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Workplace Personalities | Chifundo
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Workplace Personalities | Chifundo 

I recently read a book about workplace personalities. It had to do with how we can best deal with different personalities. From the book I picked the 10 most common personalities that we are most likely to encounter in the workplace and how to handle them.

10. Angry people

Often in the workspace we encounter people who are fuelled by anger. It is usually unclear or irrational when we try to understand their cause for anger. Here is a way on how we can follow up and find out what caused the anger.

Remain calm and allow for venting. Do not fuel to the fire by reacting to anger with anger. Let the angry person release all that’s on their mind. Let them have this opportunity. While they do this purposefully pay attention and truly listen to what they are saying. Follow up with questions in finding out the cause to the problem. This will let the person know that you are truly trying to understand why s/he is angry.

Keep uncovering the problem and start asking for ways and suggestions as to how the problem could be resolved.

9. Analytical people

These are the type of people who want full control of their lives. They are well organized and plan everything days or weeks in advance. Here is how you can communicate with an analytical person:

Understand that an analytical person is more of a listener than a speaker. They thrive on analysing things, making them really valuable for any organisation or team. However, they like to work alone.

Also avoid approaching them with unorganized things and if you want them to help you solve a problem don’t dump a whole pile of tasks on them at once.

8. Rumourmongers

There is a saying that if you find yourself gossiping with people about a friend, expect the same people to gossip about you too when you are not there. With this, it is more than evident that gossip benefits no one. Here are some tips on how you can break gossip habits in your workplace:

Set an example. Avoid gossiping at all costs. If you were part of the gossip group. Stop participating, it could be gradually or immediately.

Change the subject. If you sense that the conversation is leading to gossip, quickly change the subject.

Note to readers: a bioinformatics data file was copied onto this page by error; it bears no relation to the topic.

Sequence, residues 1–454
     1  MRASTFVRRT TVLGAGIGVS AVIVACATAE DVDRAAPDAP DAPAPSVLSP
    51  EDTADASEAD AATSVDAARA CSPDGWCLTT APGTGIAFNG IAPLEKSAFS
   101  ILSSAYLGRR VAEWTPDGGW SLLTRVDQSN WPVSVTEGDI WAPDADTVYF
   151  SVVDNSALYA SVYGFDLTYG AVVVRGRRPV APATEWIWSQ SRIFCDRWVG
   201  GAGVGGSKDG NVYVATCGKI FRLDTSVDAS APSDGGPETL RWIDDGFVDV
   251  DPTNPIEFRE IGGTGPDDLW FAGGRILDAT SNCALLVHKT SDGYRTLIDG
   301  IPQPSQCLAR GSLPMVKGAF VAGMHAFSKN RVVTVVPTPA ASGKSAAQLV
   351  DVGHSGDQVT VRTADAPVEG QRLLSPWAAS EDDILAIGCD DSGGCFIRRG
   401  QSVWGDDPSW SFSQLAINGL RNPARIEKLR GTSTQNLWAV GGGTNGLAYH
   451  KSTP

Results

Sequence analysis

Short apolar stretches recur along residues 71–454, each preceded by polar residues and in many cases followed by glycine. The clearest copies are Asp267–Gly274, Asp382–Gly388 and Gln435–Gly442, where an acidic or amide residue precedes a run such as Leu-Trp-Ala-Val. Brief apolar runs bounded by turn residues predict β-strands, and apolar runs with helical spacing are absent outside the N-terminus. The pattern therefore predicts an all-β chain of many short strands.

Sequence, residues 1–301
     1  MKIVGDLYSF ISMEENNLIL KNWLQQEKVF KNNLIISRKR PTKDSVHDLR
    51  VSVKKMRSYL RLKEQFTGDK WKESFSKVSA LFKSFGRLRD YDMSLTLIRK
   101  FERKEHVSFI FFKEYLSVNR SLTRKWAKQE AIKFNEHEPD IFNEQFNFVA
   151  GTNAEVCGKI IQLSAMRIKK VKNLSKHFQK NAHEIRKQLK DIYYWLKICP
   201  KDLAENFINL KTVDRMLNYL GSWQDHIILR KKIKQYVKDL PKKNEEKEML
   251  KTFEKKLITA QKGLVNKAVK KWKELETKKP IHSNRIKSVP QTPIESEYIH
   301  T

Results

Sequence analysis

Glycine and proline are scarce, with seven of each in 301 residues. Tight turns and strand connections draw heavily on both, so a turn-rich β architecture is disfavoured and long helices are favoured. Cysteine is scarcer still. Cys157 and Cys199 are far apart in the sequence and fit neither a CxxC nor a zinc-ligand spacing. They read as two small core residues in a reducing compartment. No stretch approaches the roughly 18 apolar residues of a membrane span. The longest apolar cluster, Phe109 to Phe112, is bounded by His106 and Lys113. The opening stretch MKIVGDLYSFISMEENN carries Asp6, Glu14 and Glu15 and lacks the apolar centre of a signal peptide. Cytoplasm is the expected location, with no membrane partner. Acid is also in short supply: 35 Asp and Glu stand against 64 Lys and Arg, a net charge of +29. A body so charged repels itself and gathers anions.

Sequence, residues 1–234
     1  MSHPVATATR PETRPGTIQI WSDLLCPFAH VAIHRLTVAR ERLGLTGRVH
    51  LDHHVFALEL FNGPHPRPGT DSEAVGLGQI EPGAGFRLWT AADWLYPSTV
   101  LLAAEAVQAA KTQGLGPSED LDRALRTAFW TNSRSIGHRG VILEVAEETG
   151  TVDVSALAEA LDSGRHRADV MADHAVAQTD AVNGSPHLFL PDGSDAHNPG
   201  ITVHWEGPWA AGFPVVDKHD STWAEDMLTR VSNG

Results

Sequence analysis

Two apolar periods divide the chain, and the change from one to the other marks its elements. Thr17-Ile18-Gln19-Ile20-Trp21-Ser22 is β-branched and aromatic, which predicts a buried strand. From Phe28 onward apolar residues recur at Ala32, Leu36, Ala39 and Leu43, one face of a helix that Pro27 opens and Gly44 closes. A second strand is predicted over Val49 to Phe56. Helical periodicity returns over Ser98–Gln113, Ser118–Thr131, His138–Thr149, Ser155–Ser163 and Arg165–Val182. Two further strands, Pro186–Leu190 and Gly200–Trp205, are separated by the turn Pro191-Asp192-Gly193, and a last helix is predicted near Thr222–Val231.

Confront people. Present all information necessary to the concerned party instead of talking about it with others. Also confront chronic offenders, those who are always talking about others.

Play the “reverse gossip” game. When you find someone gossiping about another person, respond by mentioning one of the person’s good points. Example, Felicia says “Lucy is so clumsy.” You respond “really? I never noticed. All I know is that she gets the job done.”

7. Arrogant people

These unpleasantly proud people can be extremely hard to handle and they certainly do test your patience. Here is what you need to know in handling them without having them turn against you:

Arrogant people are highly self-motivated so you must recognize their strength. Affirm and acknowledge what they do really well. It’s wise to let them be, there is no point trying to pick a fight with them.

When it comes to scenarios where you are against their views, make sure to be accurate when presenting information. Most importantly stand your ground, as much as you wouldn’t want to waste time at war with them never let them bully anyone around.

6. Negative people

Negative people destroy team morale as they dampen any sense of accomplishment and hope for the future. Here is how you can deal with negative people.

Get them to face facts. Negative people often exaggerate. With this get them to look at scenarios more realistically.

Focus on the solutions. When a problem has been presented, focus on looking at ways to improve that problem.

Explain to the negative person how their behaviour is affecting everyone. Then to help the person improve with the negative behaviour, encourage the person to start thinking in more balanced terms. You can also implement a reward system for every time the person says something positive.

5. Shy people

A shy person is usually someone who is uncomfortable in the presence of others and is easily intimidated. It means you must approach a shy person carefully.